Professional Education Directory: A centralized list of all upcoming pain related education opportunities for health care professionals.
Pain Waves Podcast: Cannabis for chronic pain 
With Terri Betts, Clinical Pharmacist and her daughter Nikki, a person with chronic pain
With recreational cannabis now legalized in Canada, it’s likely that more people in pain will consider it for pain relief. In this episode, Clinical Pharmacist Terri Betts and her daughter Nikki, who lives with chronic pain, share their story about navigating the health care system after Nikki decided to pursue medical cannabis to manage her pain. She had previously tried a variety of pharmaceutical medications, including opioids, without much success. Throughout our discussion, the two touch on the bodies of evidence available along with other key resources that helped them throughout their decision-making process.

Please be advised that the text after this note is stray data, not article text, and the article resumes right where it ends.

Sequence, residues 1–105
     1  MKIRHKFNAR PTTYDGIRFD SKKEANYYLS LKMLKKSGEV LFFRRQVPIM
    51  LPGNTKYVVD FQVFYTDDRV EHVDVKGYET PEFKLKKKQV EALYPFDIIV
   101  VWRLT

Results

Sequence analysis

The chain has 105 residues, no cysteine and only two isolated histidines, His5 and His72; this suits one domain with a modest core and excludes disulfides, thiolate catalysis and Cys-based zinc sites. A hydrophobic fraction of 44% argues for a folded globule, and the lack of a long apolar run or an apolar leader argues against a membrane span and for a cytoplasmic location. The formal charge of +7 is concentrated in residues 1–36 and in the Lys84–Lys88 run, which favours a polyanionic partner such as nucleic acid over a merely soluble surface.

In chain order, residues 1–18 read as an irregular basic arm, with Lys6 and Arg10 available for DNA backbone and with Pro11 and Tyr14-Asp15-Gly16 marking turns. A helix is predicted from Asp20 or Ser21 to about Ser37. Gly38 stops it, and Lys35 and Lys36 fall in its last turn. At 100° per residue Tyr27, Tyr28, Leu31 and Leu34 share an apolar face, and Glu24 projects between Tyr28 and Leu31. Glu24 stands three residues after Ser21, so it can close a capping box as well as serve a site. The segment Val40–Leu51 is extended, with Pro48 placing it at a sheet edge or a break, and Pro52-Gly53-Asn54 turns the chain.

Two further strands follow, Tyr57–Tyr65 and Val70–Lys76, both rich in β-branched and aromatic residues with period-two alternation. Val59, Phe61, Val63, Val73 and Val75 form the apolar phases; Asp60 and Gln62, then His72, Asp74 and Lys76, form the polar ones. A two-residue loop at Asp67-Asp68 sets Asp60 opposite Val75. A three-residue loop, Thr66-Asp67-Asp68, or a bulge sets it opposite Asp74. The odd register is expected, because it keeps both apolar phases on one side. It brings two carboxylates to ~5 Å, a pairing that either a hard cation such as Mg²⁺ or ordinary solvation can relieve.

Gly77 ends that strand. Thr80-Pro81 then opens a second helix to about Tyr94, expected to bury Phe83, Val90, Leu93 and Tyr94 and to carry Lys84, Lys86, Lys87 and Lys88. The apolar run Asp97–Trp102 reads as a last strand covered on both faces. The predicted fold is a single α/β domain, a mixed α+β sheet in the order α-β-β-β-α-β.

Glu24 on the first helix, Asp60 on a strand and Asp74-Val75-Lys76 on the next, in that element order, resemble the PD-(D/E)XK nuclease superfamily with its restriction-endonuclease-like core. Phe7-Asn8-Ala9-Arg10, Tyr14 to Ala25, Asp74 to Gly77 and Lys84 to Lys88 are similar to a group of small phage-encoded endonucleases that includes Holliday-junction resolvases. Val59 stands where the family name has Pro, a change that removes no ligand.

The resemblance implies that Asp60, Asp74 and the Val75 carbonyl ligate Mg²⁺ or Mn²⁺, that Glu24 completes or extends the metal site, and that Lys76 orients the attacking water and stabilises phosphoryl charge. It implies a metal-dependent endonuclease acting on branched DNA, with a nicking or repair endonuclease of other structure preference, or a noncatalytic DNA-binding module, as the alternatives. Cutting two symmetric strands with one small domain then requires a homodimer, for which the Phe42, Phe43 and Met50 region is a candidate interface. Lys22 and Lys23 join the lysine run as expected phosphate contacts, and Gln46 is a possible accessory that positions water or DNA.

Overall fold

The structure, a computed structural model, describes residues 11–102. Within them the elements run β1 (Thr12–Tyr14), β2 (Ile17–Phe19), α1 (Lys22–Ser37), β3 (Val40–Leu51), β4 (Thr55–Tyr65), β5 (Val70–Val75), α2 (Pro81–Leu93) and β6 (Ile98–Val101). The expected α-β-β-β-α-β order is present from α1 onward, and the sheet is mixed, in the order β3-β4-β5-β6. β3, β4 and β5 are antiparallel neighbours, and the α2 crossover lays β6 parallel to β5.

Please note that as with any other treatment method, we advise anyone wishing to pursue medical cannabis for pain to first consult with a licensed health care professional.
Cannabis resources for people in pain 
Now that recreational cannabis has been legalized, here are some Live Plan Be articles for anyone considering using cannabis for pain relief:
Patient engagement at the IASP World Congress on Pain 
Guest post by Keith Meldrum
Recently, I was invited to participate at the International Association for the Study of Pain (IASP) World Congress on Pain. IASP is an international organization bringing together scientists, clinicians, health-care providers, and policymakers to stimulate and support the study of pain and translates that knowledge into improved pain relief worldwide. IASP represents over 7,000 members worldwide and their biennial conference was held in Boston, Massachusetts from September 12-16. 
I was privileged to be one of three people invited to attend and present a workshop on living with persistent pain. This was the first year IASP invited people with persistent pain to take part in their Congress activities. Although I knew my co-presenters, Joletta Belton and Pete Moore through social media, this was our first in-person meeting and it was like meeting old friends who hadn’t seen one another in a long time.